Leading Through Misguided Priorities

Have you ever noticed that when you send some people a multi-part e-mail, that they only answer a few parts, and seem to evade other issues completely? Many organizational leaders will acknowledge and answer certain parts of the contents that are either not controversial or fall into their “agenda,” while overlooking the more complicated queries.

In my few years in a leadership position, I have been continually astonished and saddened that so many volunteer leaders seem reluctant to make the challenging decisions, while continuously discussing on issues that they want to, although often less urging matters. Simply because an issue or topic or question is difficult or challenging, is certainly not a reason for a true leader to avoid the matter. One of the true measures of leadership is that a leader cannot bypass any issue, but rather must have the vision to brave any obstacle.

Many organizational leaders that I have met lacked many of the constraints to be effective. However, the most disconcerting issue continues to be an unwillingness to confer pride, effort, and vision, and answer questions openly and sincerely, without concern for how it might influence one’s popularity. It is not a virtue for a leader to lack the courage to speak out on significant issues while making a “racket” over some less pressing issues.

Effective leaders learn to prioritize and to act according to their preferences. Priorities must be set in terms of short- term pressing issues, intermediate-term concerns, and long-term potentially damaging situations. Because of the lack of stress on training leaders, organizations are often hindered, and sometimes even irreversibly degraded, by this lack of vision, courage, and relevant discipline. Taking powerful and provocative action should neither be taken lightly nor rushed into.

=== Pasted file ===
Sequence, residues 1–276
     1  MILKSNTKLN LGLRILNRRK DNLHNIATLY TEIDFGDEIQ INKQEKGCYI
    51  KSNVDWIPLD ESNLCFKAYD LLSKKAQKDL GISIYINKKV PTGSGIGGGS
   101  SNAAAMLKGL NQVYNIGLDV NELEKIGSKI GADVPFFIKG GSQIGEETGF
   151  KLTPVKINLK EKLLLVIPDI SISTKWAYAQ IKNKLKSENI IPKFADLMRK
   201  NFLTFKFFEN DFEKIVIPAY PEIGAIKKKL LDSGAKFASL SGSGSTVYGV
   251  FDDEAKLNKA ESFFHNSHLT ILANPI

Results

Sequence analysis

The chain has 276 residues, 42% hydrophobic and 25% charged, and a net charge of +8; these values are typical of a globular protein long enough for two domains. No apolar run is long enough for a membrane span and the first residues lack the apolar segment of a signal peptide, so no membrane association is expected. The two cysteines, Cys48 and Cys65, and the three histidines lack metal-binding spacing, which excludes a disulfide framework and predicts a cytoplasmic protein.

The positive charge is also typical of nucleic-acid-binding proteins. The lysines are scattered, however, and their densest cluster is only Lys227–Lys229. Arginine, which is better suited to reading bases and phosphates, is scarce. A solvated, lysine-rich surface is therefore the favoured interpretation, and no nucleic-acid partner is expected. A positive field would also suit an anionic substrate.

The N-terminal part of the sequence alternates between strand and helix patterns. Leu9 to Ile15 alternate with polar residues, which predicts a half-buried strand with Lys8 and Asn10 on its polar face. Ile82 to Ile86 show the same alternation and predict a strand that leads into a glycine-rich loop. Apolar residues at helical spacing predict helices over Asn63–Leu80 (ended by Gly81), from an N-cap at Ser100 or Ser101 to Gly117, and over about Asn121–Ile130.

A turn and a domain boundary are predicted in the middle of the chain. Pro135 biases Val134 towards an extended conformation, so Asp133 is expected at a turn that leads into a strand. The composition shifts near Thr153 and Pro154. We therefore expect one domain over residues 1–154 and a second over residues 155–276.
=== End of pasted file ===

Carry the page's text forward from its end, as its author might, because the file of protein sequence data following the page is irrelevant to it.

Matters should be thoroughly reviewed and discussed while still in a preparatory stage so that possible issues do not turn into damaging and lingering matters. Almost always, it is far easier, less costly, better management, and more effective, to address matters early, and can properly evaluate the “big picture.” Narrow-minded leaders who lack insight are often afraid to act, and it is often this lack of action, that is far more damaging than the original issue. There should always be a good balance between practical problems, proper evaluation, thorough research, and not rushing into something without assessing everything. Effective leaders must examine the big picture, and act when necessary. Leaders cannot and should not pick and choose concerning issues to consider, especially when these individuals do not properly estimate which is and should be a true preference.

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